This article will provide a brief introduction to pneumatology by answering a few key questions:
- What do the biblical terms ruach and pneuma have to do with the Holy Spirit?
- How did early Christians go about the task of reflecting on the person and work of the Holy Spirit?
- What is the significance of the study of pneumatology today?
Lexical issues regarding the Holy Spirit
The semantic range of the Hebrew word ruach is quite broad throughout its nearly four hundred occurrences across the Old Testament. It can, at times, refer to “wind” (e.g., Num 11:31), “breath” (e.g., Gen 6:17), or “spirit” (e.g., Gen 26:35). Additionally, there are times in which this word appears to clearly point to something more metaphysical and even personal, as in references to the “Spirit of God,” “Spirit of the Lord,” or “Holy Spirit.”1
The significance of this semantic breadth for pneumatology is this: it can often be quite tricky to distinguish between when ruach is being used to refer to some natural force versus to something divine. Take, for example, Genesis 1:2, which notes, “And the ruach of God was hovering over the face of the waters.” Some translations, such as the ESV, translate ruach as “Spirit,” while others, such as the NRSV, translate it as “wind.” Both are acceptable translations of ruach, and so appeal must be made to broader canonical or theological frameworks.2
The New Testament, however, brings the Holy Spirit into clearer focus. The Greek word most closely corresponding to the Hebrew ruach is pneuma (hence, “pneumatology”), which likewise has a broad semantic range.3 The New Testament is particularly interested in describing the experience of the Spirit in the life of a Christ-follower. As one scholar has summarized, in the New Testament we see the Spirit bringing a vivid sense of God’s presence, illuminating the mind regarding the things of God, and empowering a life of faith and virtue.4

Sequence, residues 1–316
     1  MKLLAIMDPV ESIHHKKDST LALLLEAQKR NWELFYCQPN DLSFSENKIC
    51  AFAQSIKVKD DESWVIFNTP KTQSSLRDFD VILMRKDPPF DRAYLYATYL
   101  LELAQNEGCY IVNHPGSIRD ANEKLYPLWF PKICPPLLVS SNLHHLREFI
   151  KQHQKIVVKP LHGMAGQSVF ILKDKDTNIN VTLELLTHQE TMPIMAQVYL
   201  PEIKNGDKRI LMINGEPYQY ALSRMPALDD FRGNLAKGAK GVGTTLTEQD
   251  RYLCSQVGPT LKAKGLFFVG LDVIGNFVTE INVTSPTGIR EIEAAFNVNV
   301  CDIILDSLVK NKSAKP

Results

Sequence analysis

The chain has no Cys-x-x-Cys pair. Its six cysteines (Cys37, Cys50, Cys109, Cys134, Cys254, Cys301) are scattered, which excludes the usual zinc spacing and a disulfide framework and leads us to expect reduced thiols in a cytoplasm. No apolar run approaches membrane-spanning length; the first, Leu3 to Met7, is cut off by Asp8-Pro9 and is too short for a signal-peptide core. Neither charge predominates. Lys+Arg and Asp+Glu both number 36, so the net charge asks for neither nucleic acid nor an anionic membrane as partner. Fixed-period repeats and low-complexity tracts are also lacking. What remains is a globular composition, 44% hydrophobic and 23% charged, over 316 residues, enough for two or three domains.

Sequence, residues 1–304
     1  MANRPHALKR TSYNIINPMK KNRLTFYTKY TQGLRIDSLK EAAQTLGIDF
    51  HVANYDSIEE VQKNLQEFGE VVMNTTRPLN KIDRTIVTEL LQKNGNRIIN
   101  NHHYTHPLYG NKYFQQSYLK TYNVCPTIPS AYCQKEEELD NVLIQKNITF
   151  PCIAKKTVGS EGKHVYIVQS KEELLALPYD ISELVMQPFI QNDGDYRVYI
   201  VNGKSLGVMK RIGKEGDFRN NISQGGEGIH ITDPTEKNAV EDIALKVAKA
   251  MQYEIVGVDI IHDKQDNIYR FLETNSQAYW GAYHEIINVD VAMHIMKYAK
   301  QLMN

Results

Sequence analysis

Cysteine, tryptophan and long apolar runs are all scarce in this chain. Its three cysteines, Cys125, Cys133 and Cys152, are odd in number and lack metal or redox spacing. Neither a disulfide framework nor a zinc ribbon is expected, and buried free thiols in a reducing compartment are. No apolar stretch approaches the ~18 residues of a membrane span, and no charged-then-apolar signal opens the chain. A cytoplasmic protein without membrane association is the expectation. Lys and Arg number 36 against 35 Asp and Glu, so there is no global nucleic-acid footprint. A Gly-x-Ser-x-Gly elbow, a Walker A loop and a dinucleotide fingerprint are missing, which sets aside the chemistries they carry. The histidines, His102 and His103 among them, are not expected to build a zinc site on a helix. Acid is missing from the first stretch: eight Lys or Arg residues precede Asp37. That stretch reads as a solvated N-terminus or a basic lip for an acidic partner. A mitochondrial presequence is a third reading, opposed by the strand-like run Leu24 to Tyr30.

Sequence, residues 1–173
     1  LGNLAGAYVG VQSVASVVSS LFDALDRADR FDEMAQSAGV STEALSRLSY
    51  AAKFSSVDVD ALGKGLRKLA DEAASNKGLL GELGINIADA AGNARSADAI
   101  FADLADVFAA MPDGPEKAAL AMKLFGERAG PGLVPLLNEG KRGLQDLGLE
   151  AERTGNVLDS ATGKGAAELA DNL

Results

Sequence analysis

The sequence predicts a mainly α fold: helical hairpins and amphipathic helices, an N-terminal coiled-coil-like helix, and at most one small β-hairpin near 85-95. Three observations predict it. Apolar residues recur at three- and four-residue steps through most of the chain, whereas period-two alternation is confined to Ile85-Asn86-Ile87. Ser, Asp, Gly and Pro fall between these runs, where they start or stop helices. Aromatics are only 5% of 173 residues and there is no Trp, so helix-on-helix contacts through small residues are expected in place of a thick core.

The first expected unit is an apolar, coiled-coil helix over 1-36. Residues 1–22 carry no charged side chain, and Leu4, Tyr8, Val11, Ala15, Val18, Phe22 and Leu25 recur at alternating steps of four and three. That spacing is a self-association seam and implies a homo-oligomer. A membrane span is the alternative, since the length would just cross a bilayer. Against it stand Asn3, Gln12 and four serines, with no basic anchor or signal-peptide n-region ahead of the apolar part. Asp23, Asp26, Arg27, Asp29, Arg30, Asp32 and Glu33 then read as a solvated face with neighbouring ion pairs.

The New Testament also clarifies that the Holy Spirit is, in fact, a person, and not something akin to the Force from Star Wars. This is most clearly demonstrated in Jesus’ “farewell discourse” in John 13:31–16:33, which introduces still another term for the Holy Spirit. Here Jesus portrays the Holy Spirit as the “Paraclete” (Greek paraklētos). Lexically, we should think of this term less as a cozy-blanket “Comforter” and more as an “Advocate” in a legal sense.5
The forensic purpose of the Paraclete, who is after all the “Spirit of truth” (John 14:17), is to testify on Jesus’ behalf after Jesus’ ascension, and the set of verbs ascribed to the Paraclete in this passage would seem to demand a personal agent as their subject. This image would, indeed, play an outsized role in later thinking about the distinct divine personhood of the Holy Spirit.6
Ruach and pneuma are, therefore, sometimes tricky biblical words. In some instances it is difficult to pin down whether they are referring to the personal Holy Spirit or to some impersonal force like wind or breath. Careful attention to the text of Scripture would indeed be the first and primary source for pneumatological reflection as the early church developed this particular doctrine.
Sources of pneumatological reflection
Early Christian reflection on the person and work of the Holy Spirit was primarily drawn from three historic sources for pneumatological reflection:
1. Biblical interpretation
The study of the Holy Spirit begins, of course, with the Bible. As mentioned above, New Testament passages such as Jesus’ farewell discourse in John’s Gospel have been crucial for pneumatological reflection. The earliest writers to focus exclusively on the Holy Spirit, including Athanasius of Alexandria, Didymus the Blind, and Basil the Great, help us surface some of the earliest debates regarding the Bible and the Holy Spirit.
To take just one example, we can return to the issue of the semantic range of ruach. We see in Athanasius’ writings that a major objection of those who denied the divinity of the Spirit was Amos 4:13, which speaks of God “creating” ruach. In response, Athanasius provides a survey of the use of ruach in the Old Testament, concluding that when ruach is used without qualification, it does not refer to the Holy Spirit proper (Serap. 1.3–10 [trans. DelCogliano et al.]).